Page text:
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Seattle nonprofit educating girls in Afghanistan worries women's rights are in danger

Sahar has educated thousands of Afghan women since 2001. Now, the nonprofit is fearful for the future of women in the country as the Taliban seize power.

SEATTLE — As the Taliban takes back control of Afghanistan after President Joe Biden announced the withdrawal of U.S. troops from the country, people in Seattle and across the world are watching, wondering what's next.

The Taliban had taken the country once before in the late-1990s, but when the U.S. invaded Afghanistan following 9/11, the group was taken out of power as a western-backed government attempted to take its place.

Now, with the withdrawal of troops after two decades of war and the Taliban taking back power, many worry about what's next for human rights, especially women's rights, with the group's history of following harsh interpretations of Islamic law.

The Seattle-based nonprofit Sahar has been working to educate girls in Afghanistan since a little after 9/11. Now, the nonprofit is fearful of the future for women in the country.

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"I don't know how to express my feelings. It's something of nightmares. I can see that the thing I had feared, I experienced in my lifetime, is happening again," said Shogofa, who was born in Afghanistan and now works for Sahar. She asked to only be identified by her first name to protect her family living in Afghanistan.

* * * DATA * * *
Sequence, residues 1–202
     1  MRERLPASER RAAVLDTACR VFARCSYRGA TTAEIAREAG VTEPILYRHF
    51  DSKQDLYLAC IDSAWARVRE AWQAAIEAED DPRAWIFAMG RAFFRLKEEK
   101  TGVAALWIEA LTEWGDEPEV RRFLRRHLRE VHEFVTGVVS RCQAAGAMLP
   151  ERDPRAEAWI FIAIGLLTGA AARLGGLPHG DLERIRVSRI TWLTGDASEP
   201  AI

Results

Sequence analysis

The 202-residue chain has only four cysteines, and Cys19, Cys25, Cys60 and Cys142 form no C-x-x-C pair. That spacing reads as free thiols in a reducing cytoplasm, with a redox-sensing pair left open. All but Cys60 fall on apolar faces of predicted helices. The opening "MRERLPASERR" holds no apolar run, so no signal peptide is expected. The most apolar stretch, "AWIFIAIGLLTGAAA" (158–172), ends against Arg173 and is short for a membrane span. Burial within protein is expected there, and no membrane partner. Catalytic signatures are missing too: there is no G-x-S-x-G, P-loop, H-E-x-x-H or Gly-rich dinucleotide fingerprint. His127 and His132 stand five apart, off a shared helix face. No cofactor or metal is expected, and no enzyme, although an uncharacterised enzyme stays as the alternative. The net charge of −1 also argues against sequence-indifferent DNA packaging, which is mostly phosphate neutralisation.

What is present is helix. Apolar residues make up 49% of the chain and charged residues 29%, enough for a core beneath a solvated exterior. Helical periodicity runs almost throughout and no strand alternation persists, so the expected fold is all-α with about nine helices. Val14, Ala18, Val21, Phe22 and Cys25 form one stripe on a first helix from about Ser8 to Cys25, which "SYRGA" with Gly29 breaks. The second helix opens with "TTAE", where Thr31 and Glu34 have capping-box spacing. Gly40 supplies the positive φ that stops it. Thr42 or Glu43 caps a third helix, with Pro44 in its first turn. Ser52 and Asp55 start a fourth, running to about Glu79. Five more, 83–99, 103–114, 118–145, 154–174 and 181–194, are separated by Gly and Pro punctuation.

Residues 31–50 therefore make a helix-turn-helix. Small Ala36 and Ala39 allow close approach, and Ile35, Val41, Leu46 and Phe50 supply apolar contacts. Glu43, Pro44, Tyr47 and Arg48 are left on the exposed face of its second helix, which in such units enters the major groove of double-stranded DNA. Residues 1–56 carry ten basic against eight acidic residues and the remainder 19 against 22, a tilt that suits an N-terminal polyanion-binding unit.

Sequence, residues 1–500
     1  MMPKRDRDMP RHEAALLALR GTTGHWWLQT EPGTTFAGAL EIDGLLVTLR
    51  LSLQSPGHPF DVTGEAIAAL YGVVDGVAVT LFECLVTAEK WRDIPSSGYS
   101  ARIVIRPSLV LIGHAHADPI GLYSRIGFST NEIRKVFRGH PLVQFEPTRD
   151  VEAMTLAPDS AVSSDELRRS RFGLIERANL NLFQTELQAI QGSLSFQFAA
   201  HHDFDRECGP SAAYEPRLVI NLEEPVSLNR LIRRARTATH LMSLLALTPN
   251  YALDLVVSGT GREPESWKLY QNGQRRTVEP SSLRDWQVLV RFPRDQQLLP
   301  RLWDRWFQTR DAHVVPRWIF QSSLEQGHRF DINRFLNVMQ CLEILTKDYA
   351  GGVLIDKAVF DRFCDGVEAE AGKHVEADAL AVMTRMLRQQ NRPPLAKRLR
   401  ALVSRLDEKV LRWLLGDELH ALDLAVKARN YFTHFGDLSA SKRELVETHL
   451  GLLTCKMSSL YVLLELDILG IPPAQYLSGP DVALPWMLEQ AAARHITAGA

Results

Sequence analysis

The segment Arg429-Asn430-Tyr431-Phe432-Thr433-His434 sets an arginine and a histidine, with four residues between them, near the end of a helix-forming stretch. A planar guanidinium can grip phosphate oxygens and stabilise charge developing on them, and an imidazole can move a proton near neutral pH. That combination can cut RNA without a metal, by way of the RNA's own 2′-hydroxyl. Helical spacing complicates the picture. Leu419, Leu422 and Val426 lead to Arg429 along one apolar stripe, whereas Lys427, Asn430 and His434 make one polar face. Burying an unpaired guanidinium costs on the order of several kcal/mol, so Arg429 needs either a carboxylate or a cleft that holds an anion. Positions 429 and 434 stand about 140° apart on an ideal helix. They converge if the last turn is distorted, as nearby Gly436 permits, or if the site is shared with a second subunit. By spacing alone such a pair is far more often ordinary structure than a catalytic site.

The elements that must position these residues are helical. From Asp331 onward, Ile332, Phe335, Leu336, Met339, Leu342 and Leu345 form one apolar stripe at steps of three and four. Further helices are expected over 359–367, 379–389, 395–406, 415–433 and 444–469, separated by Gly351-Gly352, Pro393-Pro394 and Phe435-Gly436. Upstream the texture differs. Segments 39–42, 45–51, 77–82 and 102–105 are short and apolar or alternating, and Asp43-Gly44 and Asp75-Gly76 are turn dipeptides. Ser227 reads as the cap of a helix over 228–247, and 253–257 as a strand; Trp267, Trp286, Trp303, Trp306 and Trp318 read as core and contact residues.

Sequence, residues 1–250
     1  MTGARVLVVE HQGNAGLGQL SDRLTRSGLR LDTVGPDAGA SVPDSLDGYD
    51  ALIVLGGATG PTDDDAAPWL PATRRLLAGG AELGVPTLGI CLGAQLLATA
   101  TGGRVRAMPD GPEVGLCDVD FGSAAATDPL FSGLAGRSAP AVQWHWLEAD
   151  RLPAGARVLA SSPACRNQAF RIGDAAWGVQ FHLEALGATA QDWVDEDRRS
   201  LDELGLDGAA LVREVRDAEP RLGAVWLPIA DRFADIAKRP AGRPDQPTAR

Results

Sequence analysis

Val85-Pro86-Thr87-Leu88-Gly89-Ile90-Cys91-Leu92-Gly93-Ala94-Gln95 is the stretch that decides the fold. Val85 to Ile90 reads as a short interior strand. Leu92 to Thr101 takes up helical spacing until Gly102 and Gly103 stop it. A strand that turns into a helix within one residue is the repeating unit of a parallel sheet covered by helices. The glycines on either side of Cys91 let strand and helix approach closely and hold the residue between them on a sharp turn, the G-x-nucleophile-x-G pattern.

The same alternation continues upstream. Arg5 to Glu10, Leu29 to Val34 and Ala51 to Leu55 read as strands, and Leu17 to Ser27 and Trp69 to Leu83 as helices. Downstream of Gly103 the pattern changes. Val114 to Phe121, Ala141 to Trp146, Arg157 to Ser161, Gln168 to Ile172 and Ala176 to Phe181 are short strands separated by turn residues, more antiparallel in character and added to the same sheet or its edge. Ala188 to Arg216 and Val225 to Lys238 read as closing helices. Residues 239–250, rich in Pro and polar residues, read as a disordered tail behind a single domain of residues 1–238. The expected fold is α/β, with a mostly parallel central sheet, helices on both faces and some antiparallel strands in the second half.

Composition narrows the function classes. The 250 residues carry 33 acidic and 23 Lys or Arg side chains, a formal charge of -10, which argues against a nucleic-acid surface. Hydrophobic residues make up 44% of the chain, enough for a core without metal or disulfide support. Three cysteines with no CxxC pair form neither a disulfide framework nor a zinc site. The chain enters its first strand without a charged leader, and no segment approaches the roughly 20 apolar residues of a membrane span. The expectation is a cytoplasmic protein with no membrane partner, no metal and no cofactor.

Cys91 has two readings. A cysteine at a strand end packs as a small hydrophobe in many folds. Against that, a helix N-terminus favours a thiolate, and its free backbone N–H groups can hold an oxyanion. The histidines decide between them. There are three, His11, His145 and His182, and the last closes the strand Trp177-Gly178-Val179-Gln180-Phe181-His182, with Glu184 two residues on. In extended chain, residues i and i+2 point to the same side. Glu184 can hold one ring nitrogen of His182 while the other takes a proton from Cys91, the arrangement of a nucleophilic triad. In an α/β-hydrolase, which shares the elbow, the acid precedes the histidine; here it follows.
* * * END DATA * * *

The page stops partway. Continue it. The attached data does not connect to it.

Growing up in Afghanistan, she remembers the Taliban taking over her home city Mazar-i-Sharif in 1996 when she was 7 years old. She said she wasn't allowed to attend school, wasn't allowed outside alone, and, as a woman, she was forced to stay home.

"There was so much fear and violence," said Shogofa.

She's spent her adult life trying to stop history from repeating itself. Shogofa found a passion for education, and working with Sahar has allowed her to help educate girls in Afghanistan.

"[We teach them] about leadership, about giving women hope and giving them opportunity for jobs and giving the women tools to be independent," explained Shogofa.

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Thousands of girls have received education from Sahar. The nonprofit has programs ranging from teacher training to early-marriage prevention. Shogofa worries now many women's futures are unknown and in jeopardy.

"They had the dreams to be a doctor. They had the dreams to be a nurse, their dreams to be engineers, their dreams to be part of their country to build their country," said Shogofa. "It just breaks my heart to see that my country is bleeding."

The nonprofit said it's working now to ensure the safety of its staff in Afghanistan. It also plans to use its resources for humanitarian aid. The nonprofit expects to see a tremendous need for affordable food for the people in Mazar-i-Sharif.

It also plans to put pressure on U.S. politicians to protect women's rights in Afghanistan.

Shogofa said her dream is to finish building a boarding school for girls living in rural parts of Afghanistan. The nonprofit said the project is on pause.

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